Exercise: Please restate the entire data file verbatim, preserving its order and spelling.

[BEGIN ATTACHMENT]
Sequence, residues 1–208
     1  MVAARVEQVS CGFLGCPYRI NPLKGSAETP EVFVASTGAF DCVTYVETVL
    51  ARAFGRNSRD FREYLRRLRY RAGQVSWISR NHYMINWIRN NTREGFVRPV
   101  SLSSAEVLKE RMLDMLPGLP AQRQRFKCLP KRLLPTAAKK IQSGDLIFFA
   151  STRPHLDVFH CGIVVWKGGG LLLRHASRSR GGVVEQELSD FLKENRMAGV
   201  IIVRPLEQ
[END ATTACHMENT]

Sequence, residues 1–208
     1  MVAARVEQVS CGFLGCPYRI NPLKGSAETP EVFVASTGAF DCVTYVETVL
    51  ARAFGRNSRD FREYLRRLRY RAGQVSWISR NHYMINWIRN NTREGFVRPV
   101  SLSSAEVLKE RMLDMLPGLP AQRQRFKCLP KRLLPTAAKK IQSGDLIFFA
   151  STRPHLDVFH CGIVVWKGGG LLLRHASRSR GGVVEQELSD FLKENRMAGV
   201  IIVRPLEQ